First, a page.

Bill was one of those soldiers
EDITOR’S NOTE: This story was published previously in The News. Find more of Doug Pugh’s columns in his book, “Vignettes,” available for sale at The News, 130 Park Place, Alpena, Michigan, 49707.
Bill is buried in Holy Cross Cemetery. He’s in Block 5 in the alley between Lots 4 and 9. His wife and other family members are close by, some in the alley, others not.
Bill Prieur was my mother’s sister’s son — my first cousin — but there were a lot of years between Bill and me. He was already in the Army when I was born. In 1944, Bill’s battalion joined Gen. Patton’s Third Army in its push across Europe. He was a staff sargent — a platoon commander in Company A, 778th Tank Battalion, 11th Armored Division. Bill got right into the thick of it over there.
His battalion moved across France, fought in the battle of Metz. They crossed into Germany with the 95th Infantry Division, moved through town after town, crossed the Rhine River with the 26th Infantry Division, then continued deep into Germany, past Frankfort, before turning into Austria then Czechoslovakia. The 778th Tank Battalion engaged the enemy for 176 consecutive days — I understand that to be the second-longest consecutive engagement of allied forces in the European theater.
If you visit Bill’s grave, you’ll find it marked by a modest, flat stone wearing a brass plate of the type commonly seen on servicemen’s graves. That plate has his name, rank, date of birth, and date of death — the usual stuff — nothing fancy. But there’s other information there that’s not usual — a notation that he received the Purple Heart with two Oak Leaf Clusters. That means Bill was wounded three times. For his first wound, they gave him the Purple Heart, for each additional wound, an oak leaf cluster.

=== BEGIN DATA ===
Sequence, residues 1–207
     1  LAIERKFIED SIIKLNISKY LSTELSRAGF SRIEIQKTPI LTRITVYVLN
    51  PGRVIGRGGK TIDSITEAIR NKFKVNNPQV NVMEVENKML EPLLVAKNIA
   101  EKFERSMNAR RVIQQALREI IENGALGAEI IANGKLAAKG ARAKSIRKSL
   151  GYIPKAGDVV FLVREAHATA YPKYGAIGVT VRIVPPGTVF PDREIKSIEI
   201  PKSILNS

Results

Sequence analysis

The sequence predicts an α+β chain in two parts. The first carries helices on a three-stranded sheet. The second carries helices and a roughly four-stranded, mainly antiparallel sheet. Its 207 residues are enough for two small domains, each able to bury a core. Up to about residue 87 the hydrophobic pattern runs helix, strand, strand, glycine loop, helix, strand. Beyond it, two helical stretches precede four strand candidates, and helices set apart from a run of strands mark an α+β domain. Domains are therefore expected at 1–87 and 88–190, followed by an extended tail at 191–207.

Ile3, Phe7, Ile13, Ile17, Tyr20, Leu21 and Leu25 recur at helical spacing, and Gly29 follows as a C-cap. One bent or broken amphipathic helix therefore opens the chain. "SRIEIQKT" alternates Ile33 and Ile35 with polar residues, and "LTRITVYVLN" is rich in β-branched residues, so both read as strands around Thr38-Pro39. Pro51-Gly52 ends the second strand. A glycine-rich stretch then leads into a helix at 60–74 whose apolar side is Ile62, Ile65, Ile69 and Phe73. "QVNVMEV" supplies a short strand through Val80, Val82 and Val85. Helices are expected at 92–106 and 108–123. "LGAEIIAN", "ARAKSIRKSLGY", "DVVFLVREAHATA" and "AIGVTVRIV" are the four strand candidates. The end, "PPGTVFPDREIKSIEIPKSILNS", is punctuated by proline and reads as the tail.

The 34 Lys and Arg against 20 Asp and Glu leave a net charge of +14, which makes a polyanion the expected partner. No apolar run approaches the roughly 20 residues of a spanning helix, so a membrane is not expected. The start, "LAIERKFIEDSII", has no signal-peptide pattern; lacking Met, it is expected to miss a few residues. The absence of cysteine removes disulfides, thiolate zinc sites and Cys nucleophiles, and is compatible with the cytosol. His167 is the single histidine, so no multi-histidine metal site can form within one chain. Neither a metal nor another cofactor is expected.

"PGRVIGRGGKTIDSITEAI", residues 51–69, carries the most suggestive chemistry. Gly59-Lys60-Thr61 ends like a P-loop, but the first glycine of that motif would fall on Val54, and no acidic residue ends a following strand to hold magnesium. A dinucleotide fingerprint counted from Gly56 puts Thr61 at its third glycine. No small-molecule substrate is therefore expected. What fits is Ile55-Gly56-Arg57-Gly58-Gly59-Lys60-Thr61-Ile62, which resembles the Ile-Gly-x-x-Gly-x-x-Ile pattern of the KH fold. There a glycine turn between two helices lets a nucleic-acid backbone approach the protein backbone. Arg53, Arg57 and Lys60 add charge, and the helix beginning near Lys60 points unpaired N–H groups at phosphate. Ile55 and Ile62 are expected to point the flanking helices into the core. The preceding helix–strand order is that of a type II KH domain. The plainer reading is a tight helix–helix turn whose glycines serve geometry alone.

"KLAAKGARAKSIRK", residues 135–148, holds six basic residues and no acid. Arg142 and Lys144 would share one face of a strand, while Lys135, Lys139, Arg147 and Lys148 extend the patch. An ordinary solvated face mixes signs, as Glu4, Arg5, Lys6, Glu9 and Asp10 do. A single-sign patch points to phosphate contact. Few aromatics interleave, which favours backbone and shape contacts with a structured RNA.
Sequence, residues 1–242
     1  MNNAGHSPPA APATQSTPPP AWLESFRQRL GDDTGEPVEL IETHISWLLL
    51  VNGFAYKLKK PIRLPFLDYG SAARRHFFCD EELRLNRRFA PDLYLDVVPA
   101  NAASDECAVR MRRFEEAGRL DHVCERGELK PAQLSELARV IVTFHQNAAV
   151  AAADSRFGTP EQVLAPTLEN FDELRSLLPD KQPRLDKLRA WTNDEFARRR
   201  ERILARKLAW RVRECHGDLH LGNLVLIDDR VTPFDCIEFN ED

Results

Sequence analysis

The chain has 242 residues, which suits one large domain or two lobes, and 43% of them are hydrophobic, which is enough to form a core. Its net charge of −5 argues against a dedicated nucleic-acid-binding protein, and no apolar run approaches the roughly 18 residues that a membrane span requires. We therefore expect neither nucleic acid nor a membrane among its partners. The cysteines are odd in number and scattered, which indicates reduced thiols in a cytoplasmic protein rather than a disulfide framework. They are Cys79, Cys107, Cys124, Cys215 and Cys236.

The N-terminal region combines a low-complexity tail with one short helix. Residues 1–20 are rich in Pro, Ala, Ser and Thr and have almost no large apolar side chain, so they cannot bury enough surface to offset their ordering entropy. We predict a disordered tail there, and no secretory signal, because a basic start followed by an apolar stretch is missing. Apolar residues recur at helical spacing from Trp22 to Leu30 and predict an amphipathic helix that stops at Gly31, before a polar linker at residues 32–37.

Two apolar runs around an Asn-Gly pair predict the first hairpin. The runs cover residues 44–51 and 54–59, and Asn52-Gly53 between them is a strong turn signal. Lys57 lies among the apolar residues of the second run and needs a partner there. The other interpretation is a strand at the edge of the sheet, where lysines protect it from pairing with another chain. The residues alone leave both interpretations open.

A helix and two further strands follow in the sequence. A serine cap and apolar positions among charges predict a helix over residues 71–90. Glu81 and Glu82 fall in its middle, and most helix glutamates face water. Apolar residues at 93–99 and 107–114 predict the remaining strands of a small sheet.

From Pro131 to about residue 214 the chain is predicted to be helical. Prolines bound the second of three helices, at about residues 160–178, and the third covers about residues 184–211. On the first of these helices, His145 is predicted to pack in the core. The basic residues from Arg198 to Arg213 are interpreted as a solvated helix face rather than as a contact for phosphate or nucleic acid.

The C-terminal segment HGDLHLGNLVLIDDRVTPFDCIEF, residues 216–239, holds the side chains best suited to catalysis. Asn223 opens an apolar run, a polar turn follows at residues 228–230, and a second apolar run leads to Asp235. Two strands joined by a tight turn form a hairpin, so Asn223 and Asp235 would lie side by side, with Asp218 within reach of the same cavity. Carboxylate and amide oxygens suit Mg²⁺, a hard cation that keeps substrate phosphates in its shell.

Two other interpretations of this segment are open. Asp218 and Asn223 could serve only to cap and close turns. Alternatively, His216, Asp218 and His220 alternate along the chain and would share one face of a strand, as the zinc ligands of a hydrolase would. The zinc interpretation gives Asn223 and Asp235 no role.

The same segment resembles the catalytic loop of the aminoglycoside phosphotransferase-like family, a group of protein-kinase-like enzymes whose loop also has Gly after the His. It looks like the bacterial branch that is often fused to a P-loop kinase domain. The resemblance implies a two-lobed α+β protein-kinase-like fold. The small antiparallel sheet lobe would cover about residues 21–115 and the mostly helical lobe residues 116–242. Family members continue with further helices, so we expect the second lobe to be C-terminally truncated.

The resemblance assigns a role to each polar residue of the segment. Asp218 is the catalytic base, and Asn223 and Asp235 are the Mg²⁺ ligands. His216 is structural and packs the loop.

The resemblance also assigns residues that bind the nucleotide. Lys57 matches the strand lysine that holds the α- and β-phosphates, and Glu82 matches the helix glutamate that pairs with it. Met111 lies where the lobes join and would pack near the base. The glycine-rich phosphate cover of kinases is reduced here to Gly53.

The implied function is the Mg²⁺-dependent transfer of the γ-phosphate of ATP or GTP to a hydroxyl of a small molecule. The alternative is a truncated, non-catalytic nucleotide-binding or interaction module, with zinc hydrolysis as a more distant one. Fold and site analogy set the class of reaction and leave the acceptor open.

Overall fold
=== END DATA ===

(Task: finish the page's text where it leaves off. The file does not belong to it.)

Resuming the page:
When victory over the Nazis was secured, Gen. George Patton addressed the men of the Third Army. His address concluded with these words:
“During the course of this war, I have received promotions and decorations far and above my individual merit. You won them. I as your representative wear them. The one honor which is mine and mine alone is that of having commanded such an incomparable group of Americans, the record of whose fortitude, audacity, and valor will endure as long as history lasts.”
Bill was one of those soldiers who earned the promotions and decorations Gen. Patton so proudly wore; together, they helped save our world from the delusions of an evil maniac.
After the war, Bill came home and built a successful business. He raised three daughters and lived to see their mother and two of those daughters die. In those years, I saw him occasionally. After he retired and moved back to Alpena, I saw him more.
Even so, I never learned the details of Bill’s wartime service — how he was wounded all those times. I only know he carried shrapnel too close to his spine to be safely removed and that he sustained his wounds during the Third Army’s advance across Germany.
I know no more than that and the reason I don’t is because I never asked.
It’s not that Bill’s service needs validation or elaboration — his valor is established, speaks for itself, needs no help from me or anyone else. But my memory of him is incomplete and unsettled, for it lacks a moment his valor earned — my honoring what he did. There is no image of his sharing or my caring preserved in my memories of him.
Our lives are filled with fleeting moments, some of satisfaction, others of disappointment — occasionally we celebrate an accomplishment. If we’re lucky there are moments of sensitivity and understanding.
I wish I would have asked Bill. I wish I would have afforded him an opportunity to share. I wish I would have gained a better understanding of what he did.
But most of all, I wish I would have told Bill thanks.
Doug Pugh’s “Vignettes” runs weekly on Saturdays. He can be reached at firstname.lastname@example.org.